The FDA has approved the immunotherapy daratumumab in combination with pomalidomide and dexamethasone for the treatment of patients with multiple myeloma who have received at least two prior therapies including lenalidomide (an immunomodulatory agent) and a proteasome inhibitor (PI). Clinical trial results showed an overall response rate (ORR) of 59.2 percent with daratumumab in combination with pomalidomide and dexamethasone in these patients.
Daratumumab is the first CD38-directed antibody approved anywhere in the world. It was first approved by the FDA in November 2015 as a monotherapy treatment for patients with multiple myeloma who have received at least three prior lines of therapy, including a PI and an immunomodulatory agent, or who are double refractory to a PI and an immunomodulatory agent. It received additional approvals in November 2016 in combination with lenalidomide and dexamethasone, or bortezomib and dexamethasone, for the treatment of patients with multiple myeloma who have received at least one prior therapy. To date, approximately 16,000 patients have been treated with daratumumab.
"Despite tremendous progress, most patients with multiple myeloma continually relapse or become resistant to available therapies, such as PIs and immunomodulatory agents. Therefore, these patients continue to need new options," said Ajai Chari MD, Associate Professor of Medicine, Multiple Myeloma Program and Associate Director of Clinical Research, Mount Sinai Hospital. "With today's approval of daratumumab, we now have a promising new combination therapy that in clinical trials demonstrated pronounced clinical benefit for patients who have relapsed on two of the most widely used treatments."
This new indication is supported by data from the phase Ib EQUULEUS study, which showed that the combination of daratumumab with pomalidomide and dexamethasone resulted in an ORR of 59.2 percent (95% CI: 49.1, 68.8), with very good partial response (VGPR) achieved in 28.2 percent of patients. Complete response (CR) was achieved in 5.8 percent of patients; stringent CR (sCR) was achieved in 7.8 percent of patients; and partial response (PR) was achieved in 17.5 percent of patients. The median time to response was 1 month (range: 0.9 to 2.8 months), and the median duration of response was 13.6 months (range: 0.9+ to 14.6+ months).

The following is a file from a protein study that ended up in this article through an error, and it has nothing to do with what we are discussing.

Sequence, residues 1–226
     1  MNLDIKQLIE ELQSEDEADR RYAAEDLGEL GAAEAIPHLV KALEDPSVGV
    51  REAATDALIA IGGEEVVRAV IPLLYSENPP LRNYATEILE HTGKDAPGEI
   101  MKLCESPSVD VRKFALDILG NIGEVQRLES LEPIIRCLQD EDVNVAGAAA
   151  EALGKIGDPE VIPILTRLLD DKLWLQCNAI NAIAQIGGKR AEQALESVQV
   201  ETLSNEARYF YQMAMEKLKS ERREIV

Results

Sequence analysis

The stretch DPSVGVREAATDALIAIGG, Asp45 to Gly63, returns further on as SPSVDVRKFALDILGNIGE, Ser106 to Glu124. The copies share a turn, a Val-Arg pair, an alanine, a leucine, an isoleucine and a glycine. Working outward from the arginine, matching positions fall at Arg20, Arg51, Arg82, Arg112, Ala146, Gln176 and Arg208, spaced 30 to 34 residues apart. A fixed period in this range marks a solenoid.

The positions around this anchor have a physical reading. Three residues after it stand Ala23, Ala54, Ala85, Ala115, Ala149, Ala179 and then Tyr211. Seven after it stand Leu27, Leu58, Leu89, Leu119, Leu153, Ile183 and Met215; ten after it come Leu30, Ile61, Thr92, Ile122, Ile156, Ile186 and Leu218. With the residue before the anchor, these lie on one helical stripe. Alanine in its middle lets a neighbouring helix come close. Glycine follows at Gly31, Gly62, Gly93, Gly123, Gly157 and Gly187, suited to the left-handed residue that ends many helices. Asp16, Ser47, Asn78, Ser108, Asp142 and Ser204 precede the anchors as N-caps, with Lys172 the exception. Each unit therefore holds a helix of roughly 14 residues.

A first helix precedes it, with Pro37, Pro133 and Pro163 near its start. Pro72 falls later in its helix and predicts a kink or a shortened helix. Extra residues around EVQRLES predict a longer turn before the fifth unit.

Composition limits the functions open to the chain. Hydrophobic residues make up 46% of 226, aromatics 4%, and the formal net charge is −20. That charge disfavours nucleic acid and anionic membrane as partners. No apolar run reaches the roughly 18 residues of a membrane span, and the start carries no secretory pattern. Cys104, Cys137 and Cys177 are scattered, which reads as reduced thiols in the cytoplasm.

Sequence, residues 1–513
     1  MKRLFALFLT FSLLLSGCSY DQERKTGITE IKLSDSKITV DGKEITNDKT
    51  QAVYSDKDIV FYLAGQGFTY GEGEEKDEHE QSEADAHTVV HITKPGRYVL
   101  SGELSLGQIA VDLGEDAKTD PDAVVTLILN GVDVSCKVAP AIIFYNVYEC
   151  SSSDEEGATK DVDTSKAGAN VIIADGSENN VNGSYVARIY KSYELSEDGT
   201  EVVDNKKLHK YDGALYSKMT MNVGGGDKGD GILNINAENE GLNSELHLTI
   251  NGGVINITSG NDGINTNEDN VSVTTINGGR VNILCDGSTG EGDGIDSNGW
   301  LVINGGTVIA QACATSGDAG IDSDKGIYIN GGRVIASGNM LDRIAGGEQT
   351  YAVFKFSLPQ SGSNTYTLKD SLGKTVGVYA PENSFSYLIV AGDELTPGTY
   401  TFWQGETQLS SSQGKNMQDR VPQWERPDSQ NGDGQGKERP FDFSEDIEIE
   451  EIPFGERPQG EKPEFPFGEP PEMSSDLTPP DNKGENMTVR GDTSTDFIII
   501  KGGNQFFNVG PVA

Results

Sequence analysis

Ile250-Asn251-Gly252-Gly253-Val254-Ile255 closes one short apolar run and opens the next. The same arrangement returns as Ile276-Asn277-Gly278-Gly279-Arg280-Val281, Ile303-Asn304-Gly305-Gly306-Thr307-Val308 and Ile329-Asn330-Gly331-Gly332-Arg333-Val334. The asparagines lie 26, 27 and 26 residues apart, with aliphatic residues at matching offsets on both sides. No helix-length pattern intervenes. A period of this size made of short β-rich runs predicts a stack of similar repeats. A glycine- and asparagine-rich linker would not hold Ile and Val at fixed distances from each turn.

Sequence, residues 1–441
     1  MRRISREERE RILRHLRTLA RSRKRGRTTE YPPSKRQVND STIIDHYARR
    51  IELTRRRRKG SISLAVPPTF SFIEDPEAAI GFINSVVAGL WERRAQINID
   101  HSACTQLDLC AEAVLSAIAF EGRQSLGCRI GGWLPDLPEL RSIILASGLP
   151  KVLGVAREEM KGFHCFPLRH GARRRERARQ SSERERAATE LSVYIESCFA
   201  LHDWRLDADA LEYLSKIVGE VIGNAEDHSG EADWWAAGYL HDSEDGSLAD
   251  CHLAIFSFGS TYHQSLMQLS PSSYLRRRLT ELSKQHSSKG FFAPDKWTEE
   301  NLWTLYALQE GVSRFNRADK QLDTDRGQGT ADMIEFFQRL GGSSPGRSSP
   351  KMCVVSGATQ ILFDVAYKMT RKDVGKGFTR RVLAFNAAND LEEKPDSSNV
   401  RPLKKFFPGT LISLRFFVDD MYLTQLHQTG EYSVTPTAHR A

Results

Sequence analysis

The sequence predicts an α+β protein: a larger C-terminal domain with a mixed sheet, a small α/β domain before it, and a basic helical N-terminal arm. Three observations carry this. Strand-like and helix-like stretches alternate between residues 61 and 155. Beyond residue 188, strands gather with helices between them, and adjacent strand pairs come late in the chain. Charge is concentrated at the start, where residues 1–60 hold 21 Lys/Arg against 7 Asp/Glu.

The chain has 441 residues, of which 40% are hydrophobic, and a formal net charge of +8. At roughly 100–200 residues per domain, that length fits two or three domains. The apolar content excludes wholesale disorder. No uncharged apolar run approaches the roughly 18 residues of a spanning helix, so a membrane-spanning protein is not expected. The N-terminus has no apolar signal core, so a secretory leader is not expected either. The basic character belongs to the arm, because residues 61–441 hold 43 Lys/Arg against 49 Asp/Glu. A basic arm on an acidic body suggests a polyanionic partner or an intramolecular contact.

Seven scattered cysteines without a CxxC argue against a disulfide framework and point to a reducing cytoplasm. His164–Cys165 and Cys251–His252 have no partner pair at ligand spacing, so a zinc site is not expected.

Overall, the safety of the combination therapy was consistent with the known safety profiles of daratumumab monotherapy and pomalidomide plus dexamethasone, respectively. In the EQUULEUS trial, the most frequent (>20%) adverse reactions (ARs) were infusion reactions (50%), diarrhea (38%), constipation (33%), nausea (30 percent), vomiting (21%), fatigue (50%), pyrexia (25%), upper respiratory tract infection (50%), muscle spasms (26%), back pain (25%), arthralgia (22%), dizziness (21%), insomnia (23%), cough (43%), and dyspnea (33%).
The overall incidence of serious ARs was 49 percent. Serious ARs (Grade 3/4) reported in ≥5 percent of patients included pneumonia (7%). Thirteen percent of patients discontinued therapy due to an AR. The most common treatment-emergent hematology laboratory abnormalities were neutropenia (95%), lymphopenia (94%), thrombocytopenia (75%), and anemia (57%). The most common Grade 3 treatment-emergent hematology laboratory abnormalities were lymphopenia (45%), neutropenia (36%), anemia (30%), and thrombocytopenia (10%). The most common Grade 4 treatment-emergent hematology laboratory abnormalities were neutropenia (46%), lymphopenia (26%), and thrombocytopenia (10%).
The phase Ib EQUULEUS study included 103 patients with multiple myeloma who had received a prior PI and an immunomodulatory agent. Patients received 16 mg/kg of daratumumab in combination with pomalidomide and low-dose dexamethasone until disease progression. The median patient age was 64 years with 8 percent of patients aged 75 or older. Patients in the study had received a median of four prior lines of therapy, and 74 percent of patients had received prior autologous stem cell transplant (ASCT). Ninety-eight percent of patients received prior bortezomib treatment and 33 percent of patients received prior carfilzomib treatment. All patients received prior lenalidomide treatment, with 98 percent of patients previously treated with the combination of bortezomib and lenalidomide. Eighty nine percent of patients were refractory to lenalidomide, 71 percent were refractory to bortezomib and 64 percent of patients were refractory to bortezomib and lenalidomide.
The recommended dose of daratumumab is 16 mg/kg body weight administered as an IV infusion. The dosing schedule for daratumumab in combination with pomalidomide and dexamethasone begins with weekly administration (weeks 1-8) and reduces in frequency over time to every 2 weeks (weeks 9-24) and ultimately every 4 weeks (week 25 onwards until disease progression